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  • Writer's pictureDr. Vin



This past weekend I visited my brother-in-law who is in the hospital after suffering a stroke. He has a valve in his throat so he can breathe. As the nurse cleaned the skin around the valve he complained, “that hurts.” She responded, “No it doesn’t. I have to clean the wound.” He then looked agitated and yelled, “ouch” as she cleaned him. I looked at him and said, “The water feels cold and your skin is tender so it hurts a little, right?” He said, “Yes, it hurts.” Then he calmed down. Often what we need most is just to be listened to and have someone reflect our feelings or thoughts.


The nurse denied his pain and then explained why she was doing what she needed to do. This made him more agitated. We often respond without acknowledging the other person’s point of view or feelings. What that often creates is less understanding, more stress, a sense of isolation and often an escalation of distress. We find ways to yell, “ouch” louder in a more adamant attempt to be seen and heard.


In mirroring, you attend to what is being said and paraphrase what you hear. Here is another example from the hospital. My brother-in-law’s 7 year-old grandson was on his first visit to his grandpa’s bedside on the same evening that I was there. When he left the room after hugging Grandpa goodbye, I noticed that he looked very sad. I asked, “Is it hard to see Grandpa looking that way?” He nodded yes and said, “I feel sad.” I then mirrored, “You feel sad seeing Grandpa like that?” He said, “He looks different.” I responded, “he does look different and all those cords and machines are there to help him.” He sighed and seemed to cheer up as he scampered off to be nearer his older sister as we all left the hospital.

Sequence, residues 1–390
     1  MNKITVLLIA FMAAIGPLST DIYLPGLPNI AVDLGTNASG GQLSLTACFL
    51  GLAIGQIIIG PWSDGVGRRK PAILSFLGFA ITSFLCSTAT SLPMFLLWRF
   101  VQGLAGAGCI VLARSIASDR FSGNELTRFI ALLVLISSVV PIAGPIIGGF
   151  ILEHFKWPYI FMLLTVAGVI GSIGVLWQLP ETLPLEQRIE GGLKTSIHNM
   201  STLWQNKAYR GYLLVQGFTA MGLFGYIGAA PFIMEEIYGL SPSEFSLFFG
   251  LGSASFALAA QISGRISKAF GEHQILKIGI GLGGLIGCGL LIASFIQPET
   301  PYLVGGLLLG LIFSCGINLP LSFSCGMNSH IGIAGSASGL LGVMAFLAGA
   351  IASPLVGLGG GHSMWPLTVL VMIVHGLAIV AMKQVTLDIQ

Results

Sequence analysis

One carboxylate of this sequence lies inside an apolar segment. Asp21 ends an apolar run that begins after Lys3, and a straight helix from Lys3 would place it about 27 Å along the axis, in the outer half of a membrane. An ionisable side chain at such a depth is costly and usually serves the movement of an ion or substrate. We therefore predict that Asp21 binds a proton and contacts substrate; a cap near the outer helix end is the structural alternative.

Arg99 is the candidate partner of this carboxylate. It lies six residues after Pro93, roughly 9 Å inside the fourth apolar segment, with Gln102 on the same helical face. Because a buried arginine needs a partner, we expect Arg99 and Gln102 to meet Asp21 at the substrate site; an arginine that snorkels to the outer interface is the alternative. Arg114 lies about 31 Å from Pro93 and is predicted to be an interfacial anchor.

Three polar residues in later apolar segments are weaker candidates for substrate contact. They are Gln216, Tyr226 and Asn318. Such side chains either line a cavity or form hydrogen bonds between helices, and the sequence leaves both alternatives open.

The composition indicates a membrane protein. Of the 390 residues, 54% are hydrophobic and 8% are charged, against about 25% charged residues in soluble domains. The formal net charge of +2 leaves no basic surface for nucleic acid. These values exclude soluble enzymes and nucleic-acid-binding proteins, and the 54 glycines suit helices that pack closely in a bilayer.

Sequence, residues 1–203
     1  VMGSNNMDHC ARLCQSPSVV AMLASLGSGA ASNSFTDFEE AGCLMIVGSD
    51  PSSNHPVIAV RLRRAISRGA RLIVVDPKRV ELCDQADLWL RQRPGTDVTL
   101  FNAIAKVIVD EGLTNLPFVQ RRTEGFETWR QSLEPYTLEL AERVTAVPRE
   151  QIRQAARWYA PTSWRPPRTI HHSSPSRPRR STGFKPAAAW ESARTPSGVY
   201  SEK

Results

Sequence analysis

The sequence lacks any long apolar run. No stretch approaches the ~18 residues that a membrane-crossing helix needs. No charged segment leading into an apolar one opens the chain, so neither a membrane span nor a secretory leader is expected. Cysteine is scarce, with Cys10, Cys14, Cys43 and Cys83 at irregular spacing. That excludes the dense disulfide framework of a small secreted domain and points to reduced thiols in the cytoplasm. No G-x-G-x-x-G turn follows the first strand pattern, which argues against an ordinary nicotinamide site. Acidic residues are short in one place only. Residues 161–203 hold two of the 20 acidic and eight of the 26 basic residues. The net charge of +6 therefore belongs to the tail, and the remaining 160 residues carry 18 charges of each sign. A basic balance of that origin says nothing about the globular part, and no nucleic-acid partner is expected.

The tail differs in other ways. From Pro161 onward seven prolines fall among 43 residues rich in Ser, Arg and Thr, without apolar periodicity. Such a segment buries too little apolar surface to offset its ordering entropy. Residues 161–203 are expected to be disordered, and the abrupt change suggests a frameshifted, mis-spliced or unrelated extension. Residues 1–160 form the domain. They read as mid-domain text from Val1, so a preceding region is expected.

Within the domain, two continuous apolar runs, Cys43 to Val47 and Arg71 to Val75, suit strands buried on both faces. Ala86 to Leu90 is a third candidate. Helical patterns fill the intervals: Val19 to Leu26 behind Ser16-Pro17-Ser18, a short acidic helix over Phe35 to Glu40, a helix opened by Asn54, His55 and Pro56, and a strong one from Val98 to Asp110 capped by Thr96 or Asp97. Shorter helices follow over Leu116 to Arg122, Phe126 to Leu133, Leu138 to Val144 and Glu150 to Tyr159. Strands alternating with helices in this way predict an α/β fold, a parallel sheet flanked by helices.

Look at the speaker and repeat their words, then pause and wait for their response. You can use phrases like, “It sounds like…” or, “It seems as if…” or, “What I hear you saying is…”. If they need more support, they will go deeper into feelings. If not, they will scamper off, hopefully feeling better.


Listening is a magnetic and strange thing, a creative force. The friends who listen to us are the ones we move toward. When we are listened to, it creates us, makes us unfold and expand.

Karl Menninger


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